The USGS methodology for assessing carbon dioxide (CO2) storage potential for geologic carbon sequestration was endorsed as a best practice for a country-wide storage potential assessment by the International Energy Agency (IEA).
The IEA report announcing the endorsement reflects the consensus reached at two workshops in 2011 and attended by the geological surveys of Australia, Canada, Germany, Japan, the Netherlands, the United Kingdom, and the United States, together with the IEA.
"We are definitely honored by the recognition given to us by the IEA and the confidence the international science community has in our assessment methodology," said USGS scientist Sean Brennan, lead representative from the USGS at the workshops. "One of the things we all agreed upon at the workshops was that a consistent approach was very important so as to allow assessments to be compared across countries."
The USGS approach was praised for several primary reasons:
- The assessment relies on a probabilistic methodology, which incorporates statistics to make resource estimates. The benefit of a probabilistic approach is that it allows for the resource to be assessed with any given level of uncertainty in the data collected.
- The USGS based its assumptions on today’s available technology and standard industry practices. Using current techniques allows the assessment to have as close to a realistic result as possible.
- The USGS approach is geologically based, as the rock layers included in the assessment were limited to those determined to have sufficient natural seals to prevent CO2 from escaping.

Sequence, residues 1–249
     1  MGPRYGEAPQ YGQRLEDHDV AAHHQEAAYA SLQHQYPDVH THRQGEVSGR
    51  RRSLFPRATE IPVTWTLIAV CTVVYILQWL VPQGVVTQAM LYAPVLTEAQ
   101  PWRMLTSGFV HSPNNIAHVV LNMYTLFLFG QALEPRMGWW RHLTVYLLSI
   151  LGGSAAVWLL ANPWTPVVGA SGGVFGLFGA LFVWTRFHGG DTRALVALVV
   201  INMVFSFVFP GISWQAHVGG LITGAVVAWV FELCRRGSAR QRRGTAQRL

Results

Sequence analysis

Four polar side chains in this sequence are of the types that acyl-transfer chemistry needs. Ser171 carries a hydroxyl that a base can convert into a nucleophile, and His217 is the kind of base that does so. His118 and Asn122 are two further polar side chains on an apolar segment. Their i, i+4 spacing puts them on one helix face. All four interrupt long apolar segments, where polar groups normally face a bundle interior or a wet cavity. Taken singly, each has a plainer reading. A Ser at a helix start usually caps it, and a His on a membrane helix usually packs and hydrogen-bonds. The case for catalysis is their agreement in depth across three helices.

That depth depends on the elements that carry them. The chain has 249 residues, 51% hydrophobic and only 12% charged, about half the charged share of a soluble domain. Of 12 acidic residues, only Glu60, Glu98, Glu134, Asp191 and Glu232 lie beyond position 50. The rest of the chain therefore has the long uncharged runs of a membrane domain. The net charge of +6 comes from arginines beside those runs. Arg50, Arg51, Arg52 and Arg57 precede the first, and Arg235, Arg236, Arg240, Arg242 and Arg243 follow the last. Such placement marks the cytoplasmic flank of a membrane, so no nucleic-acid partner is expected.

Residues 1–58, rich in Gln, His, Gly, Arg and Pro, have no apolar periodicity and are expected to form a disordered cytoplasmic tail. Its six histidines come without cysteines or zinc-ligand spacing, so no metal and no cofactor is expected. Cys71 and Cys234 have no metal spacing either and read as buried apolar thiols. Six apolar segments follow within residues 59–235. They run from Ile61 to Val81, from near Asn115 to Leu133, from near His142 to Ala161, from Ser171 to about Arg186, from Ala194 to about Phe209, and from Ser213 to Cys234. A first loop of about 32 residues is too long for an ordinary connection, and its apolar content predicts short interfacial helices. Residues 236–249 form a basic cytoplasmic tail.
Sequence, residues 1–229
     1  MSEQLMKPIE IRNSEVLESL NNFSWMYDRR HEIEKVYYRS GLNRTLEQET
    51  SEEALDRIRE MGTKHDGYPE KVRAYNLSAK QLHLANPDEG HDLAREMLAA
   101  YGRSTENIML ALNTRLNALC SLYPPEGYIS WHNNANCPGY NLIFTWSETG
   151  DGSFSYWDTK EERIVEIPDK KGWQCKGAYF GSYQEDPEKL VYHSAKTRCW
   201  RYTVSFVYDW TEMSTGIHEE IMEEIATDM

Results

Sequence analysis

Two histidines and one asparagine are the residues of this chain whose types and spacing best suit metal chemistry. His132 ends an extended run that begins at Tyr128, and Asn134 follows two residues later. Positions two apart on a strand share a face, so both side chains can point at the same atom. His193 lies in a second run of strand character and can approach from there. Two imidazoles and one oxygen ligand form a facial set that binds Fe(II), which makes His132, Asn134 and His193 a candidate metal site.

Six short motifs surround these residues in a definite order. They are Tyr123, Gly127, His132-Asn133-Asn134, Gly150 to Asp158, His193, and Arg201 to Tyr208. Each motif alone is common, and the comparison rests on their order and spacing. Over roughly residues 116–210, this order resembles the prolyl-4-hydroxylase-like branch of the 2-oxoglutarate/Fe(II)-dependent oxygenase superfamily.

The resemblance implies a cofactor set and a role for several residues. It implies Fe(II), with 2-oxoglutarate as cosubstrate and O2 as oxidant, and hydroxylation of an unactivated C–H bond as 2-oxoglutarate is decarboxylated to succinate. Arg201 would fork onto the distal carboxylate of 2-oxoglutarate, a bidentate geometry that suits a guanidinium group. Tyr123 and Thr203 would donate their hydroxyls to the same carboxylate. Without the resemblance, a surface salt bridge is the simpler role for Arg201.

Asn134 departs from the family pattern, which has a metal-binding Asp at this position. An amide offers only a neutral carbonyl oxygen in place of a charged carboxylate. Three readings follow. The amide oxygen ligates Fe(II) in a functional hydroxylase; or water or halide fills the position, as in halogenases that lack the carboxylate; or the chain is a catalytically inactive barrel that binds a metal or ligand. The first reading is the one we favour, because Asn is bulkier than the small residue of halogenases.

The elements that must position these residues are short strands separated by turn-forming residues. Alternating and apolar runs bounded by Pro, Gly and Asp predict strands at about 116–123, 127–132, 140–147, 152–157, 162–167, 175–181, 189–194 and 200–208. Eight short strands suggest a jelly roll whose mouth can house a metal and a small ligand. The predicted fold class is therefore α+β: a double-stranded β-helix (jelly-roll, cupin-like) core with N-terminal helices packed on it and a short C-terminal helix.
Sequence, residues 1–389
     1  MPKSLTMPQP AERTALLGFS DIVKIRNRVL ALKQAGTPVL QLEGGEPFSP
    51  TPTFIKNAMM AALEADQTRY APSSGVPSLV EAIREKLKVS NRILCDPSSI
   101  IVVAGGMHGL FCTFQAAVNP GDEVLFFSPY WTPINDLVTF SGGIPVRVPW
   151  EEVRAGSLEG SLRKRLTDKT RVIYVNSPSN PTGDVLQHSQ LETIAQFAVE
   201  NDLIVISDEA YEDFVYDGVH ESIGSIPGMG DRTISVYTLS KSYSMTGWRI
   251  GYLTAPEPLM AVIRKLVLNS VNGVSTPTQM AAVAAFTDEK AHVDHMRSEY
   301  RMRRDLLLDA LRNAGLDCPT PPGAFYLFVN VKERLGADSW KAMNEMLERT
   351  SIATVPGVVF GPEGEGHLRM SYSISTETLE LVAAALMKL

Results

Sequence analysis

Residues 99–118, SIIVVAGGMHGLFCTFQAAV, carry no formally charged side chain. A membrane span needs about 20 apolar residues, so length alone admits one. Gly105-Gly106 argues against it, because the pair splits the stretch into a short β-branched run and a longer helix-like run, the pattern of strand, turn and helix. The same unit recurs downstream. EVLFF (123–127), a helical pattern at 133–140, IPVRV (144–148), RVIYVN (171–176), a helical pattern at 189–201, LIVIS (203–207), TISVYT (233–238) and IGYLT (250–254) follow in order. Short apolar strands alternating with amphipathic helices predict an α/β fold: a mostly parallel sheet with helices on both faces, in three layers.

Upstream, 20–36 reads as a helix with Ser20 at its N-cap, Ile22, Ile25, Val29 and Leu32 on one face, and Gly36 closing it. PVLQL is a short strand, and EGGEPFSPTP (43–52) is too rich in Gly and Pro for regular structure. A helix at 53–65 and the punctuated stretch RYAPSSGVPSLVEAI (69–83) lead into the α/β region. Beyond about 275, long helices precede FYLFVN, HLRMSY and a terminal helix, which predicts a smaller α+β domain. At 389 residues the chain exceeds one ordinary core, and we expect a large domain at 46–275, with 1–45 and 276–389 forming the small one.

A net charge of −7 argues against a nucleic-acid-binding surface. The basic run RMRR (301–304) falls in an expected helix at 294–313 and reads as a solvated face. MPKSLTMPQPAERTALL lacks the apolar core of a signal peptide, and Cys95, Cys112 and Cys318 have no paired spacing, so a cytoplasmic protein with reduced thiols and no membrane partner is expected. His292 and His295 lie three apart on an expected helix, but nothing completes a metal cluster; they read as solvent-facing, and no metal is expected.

The USGS released its first national assessment of technically accessible geologic carbon dioxide storage potential in June of 2013. According to that assessment, the United States has the potential to store a mean of 3,000 metric gigatons of CO2 in geologic basins throughout the country. This national assessment complements the regional estimates that the Department of Energy includes in their periodically updated Atlas.
"The report represents the result of over 2 year of international collaboration between the involved geological survey organizations," said Wolf Heidug, Senior Energy Analyst for the IEA. "The support and expertise of USGS have been essential throughout this process. The recommendations made for best practices build on key features of the assessment methodology developed by USGS to allow for a transparent and robust assessment of geological storage resource throughout the world."
The IEA report recommended three approaches in total. The USGS approach was recommended for an initial, country-wide assessment of technically available storage resources. The approaches developed by the German Federal Institute for Geosciences and Natural Resources and Geological Survey of the Netherlands were recommended for more site-specific approaches that took specific policies into account.
The IEA is an autonomous organization which works to ensure reliable, affordable and clean energy for its 28 member countries and beyond. The IEA's four main areas of focus are: energy security, economic development, environmental awareness, and engagement worldwide.
To learn more about this or other geologic assessments, please visit the USGS Energy Resources Program website. Stay up to date with USGS energy science by subscribing to our newsletter or by following us on Twitter.